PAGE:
5 Ways to Protect Your Mental Health during COVID-19
Coronavirus has plunged the world into uncertainty and the constant news about the pandemic can feel relentless. Isolation and remote working can take a huge toll on people's mental health, particularly those already living with chronic conditions. So how can we protect our mental health during this tumultuous period?
Limit the news and be careful what you read
Receiving and reading lots of news about the coronavirus has been time-consuming for Estefania Cordero, our Projects Communications Officer.
“The past days I’ve spent considerable time explaining to relatives and friends, that the information they’ve shared is not factual. It’s a difficult and awkward conversation. There is no easy way to call someone out. Which is why I’ve embarked on a sort of campaign, making sure to check where the news I’ve received comes from – and if false – notify the sender so they can stop sharing it. Its easiest to find a source citing the post, or something similar, as fake news, this way it doesn’t come off as a personal attack. But what is really important is to replace that news source with a link to credible information, in the persons native language.”
Our advice is to limit the amount of time you spend reading or watching things which aren't making you feel better. Perhaps decide on a specific time to check in with the news. Also, stay informed by sticking to trusted sources of information like the World Health Organization, ECDC and government websites.
Take social media breaks
Social media is most addictive especially with more free time in isolation and everyone in constant contact. Although it’s part of his job, our Communications Manager is doing his best to develop a daily schedule.
“I find it extremely difficult to stay away as content creation and media monitoring is part of my job. It’s quite easy to go down a rabbit hole of COVID-19 information and get completely side-tracked which is why I limit my 9-5 for professional work and then turn off my phone for a few hours to rest my eyes and spend time with loved ones.”
Our advice is to develop a daily schedule and do your best to mute key words which might be triggering on Twitter and unfollow or mute accounts. Also, mute WhatsApp groups and hide Facebook posts and feeds if you find them too overwhelming.
Stay connected with people
Now, more than ever, increasing numbers will join those already in self-isolation so now is the right time to catch up with your acquaintances and really connect with your close friends and family, who also need your support now. Our Communications Officer Emily finds it soothing to speak to her family and friends during this time of need.
"When the government began to take measures in Belgium and closing borders, my parents' concern was heightened: we have always been very close so knowing that it will not be possible to travel if one of us gets sick was distressing for them. Now that lockdown is established, they know I'm indoors and safe so things are better. We're in touch on average once a day and it's usually a call."
We recommend that if you're self-isolating, try to strike a balance between having a routine and making sure each day has some variety. It’s a great opportunity to catch up with those you have lost touch with and show you some potential opportunities for the future.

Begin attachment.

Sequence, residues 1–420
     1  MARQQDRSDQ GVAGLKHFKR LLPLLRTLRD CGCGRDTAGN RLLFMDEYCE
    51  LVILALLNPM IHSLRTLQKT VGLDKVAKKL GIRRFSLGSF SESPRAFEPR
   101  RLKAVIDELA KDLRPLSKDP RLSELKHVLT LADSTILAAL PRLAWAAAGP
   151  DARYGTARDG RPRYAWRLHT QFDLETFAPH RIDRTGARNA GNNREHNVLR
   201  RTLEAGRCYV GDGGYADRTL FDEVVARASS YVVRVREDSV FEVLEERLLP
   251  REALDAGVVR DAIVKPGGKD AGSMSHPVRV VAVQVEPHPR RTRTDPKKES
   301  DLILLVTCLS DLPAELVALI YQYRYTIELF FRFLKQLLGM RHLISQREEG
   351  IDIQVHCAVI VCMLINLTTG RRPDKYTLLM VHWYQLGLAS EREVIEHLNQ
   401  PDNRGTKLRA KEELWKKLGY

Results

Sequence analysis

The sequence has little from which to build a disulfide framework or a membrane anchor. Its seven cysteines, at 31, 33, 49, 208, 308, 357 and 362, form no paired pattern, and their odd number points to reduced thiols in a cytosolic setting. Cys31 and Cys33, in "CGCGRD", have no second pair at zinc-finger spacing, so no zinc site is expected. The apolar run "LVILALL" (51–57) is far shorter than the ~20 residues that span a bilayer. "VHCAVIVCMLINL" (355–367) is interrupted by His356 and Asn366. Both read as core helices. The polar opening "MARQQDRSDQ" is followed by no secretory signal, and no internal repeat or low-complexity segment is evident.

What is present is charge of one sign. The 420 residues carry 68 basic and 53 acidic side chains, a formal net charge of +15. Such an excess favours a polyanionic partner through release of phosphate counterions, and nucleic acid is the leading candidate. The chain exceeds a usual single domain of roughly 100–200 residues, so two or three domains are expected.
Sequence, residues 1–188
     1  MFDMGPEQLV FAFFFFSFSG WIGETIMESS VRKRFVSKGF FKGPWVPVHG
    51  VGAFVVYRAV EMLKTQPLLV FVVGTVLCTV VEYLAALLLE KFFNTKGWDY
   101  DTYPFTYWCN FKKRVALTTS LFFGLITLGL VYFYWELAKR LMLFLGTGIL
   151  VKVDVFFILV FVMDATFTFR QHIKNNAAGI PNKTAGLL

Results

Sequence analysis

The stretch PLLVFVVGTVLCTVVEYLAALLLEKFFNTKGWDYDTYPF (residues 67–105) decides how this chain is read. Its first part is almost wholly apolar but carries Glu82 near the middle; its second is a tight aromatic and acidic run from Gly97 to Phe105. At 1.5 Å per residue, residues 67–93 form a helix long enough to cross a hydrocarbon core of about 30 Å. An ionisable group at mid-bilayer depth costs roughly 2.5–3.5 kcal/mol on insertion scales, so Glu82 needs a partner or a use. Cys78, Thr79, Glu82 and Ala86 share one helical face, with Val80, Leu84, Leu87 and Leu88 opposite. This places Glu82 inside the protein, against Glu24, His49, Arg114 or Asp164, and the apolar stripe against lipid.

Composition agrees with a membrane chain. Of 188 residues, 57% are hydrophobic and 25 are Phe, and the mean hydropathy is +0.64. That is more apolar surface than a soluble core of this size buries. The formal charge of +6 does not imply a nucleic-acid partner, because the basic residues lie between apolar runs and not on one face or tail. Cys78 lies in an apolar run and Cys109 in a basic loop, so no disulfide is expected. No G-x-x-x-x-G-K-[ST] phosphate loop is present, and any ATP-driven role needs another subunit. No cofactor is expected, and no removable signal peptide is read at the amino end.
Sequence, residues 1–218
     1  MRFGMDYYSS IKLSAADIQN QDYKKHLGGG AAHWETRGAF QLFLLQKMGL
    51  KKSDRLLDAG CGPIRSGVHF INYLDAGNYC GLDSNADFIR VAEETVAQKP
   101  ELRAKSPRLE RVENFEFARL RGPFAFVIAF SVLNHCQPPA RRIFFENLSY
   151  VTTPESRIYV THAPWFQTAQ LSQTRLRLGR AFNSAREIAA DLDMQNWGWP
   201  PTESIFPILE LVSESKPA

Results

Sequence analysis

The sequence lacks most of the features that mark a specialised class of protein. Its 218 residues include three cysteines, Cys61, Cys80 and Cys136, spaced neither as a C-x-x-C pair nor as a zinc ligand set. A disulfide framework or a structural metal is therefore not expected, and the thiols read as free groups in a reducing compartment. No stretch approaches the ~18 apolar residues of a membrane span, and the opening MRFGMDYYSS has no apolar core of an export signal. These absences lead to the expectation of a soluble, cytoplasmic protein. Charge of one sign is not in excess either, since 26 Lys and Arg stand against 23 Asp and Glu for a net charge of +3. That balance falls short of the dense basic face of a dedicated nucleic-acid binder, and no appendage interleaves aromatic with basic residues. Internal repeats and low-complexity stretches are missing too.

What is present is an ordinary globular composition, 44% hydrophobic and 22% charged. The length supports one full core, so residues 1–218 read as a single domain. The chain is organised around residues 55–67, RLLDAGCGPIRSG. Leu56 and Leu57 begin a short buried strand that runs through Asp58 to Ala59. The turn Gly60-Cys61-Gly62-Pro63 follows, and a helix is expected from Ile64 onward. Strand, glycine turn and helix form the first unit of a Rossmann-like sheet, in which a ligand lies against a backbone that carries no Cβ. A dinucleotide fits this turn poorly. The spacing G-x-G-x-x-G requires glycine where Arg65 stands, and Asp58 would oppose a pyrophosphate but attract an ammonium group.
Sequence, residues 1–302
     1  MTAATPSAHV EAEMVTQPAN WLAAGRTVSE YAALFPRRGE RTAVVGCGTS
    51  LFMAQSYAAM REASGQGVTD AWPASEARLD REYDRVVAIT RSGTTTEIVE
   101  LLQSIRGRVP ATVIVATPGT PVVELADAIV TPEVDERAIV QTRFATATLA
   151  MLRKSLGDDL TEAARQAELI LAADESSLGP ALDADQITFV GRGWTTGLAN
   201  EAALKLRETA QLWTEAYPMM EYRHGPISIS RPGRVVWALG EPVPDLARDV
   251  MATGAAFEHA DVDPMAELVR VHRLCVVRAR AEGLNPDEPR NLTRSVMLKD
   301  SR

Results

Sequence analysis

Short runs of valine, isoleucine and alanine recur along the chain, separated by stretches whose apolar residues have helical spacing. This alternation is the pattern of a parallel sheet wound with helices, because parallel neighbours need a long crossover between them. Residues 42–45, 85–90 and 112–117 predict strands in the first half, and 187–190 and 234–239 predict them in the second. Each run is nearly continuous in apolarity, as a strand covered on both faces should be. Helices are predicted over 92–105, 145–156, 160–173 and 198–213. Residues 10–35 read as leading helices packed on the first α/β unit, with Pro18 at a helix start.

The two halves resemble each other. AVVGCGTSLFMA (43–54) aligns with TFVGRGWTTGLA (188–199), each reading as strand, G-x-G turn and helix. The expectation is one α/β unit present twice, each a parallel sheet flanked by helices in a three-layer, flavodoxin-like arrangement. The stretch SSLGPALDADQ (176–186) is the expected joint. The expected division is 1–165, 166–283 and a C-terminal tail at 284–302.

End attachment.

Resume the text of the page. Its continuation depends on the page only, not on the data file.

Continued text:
Avoid burnout & get active
With weeks and months of the coronavirus pandemic ahead, it is important to have down time and stay active. Our Grants and Office Coordinator Ruth likes to break a sweat alongside her young daughter.
“During the lockdown I’ve been doing regular workouts at home to stay focused and feel good. Sometimes my three year old old daughter joins in too so I get to kill two birds with one stone. It’s the perfect way to clear the mind.
EPF recommends continuing to access nature and sunlight wherever possible. This may become increasingly difficult but do your best to stretch, move around and break a bit of a sweat. A diet chock full of nutrients and vitamins are strongly recommended. While it may be easy to order delivery instead of risking the supermarket, a healthy and balanced diet works wonders for your immune system and mental state. Plenty of water helps too.
Last but not least, it is quite easy to lose hope amidst the negativity but Isabelle, our Vaccination Projects Coordinator, manages to stay positive in the uncertainty.
“It is these times alone locked in confinement that maybe people can also come to realization that everything is temporary, that we need to be humble, to be kind and empathetic to one another as everyone has their own burden to carry, the need of having hope and keeping faith in a better future, and appreciating those in our lives and what we have, is what will brings us together through the time of darkness.”
We recommend you celebrate the small wins and continue to see beauty in the world. These are trying times, but this too shall pass and thus it is paramount to carry on and continue your daily life.
While these tips are geared towards the lockdown during the coronavirus pandemic, these should be followed in your everyday, regular life. Mental health affects everyone thus it is important to talk through your issues and seek help where need be. Social distancing is stressed during this time to prevent contagion but this does not mean you should stop socialising and talking. It’s the best way to feel connected and maintain positive mental health.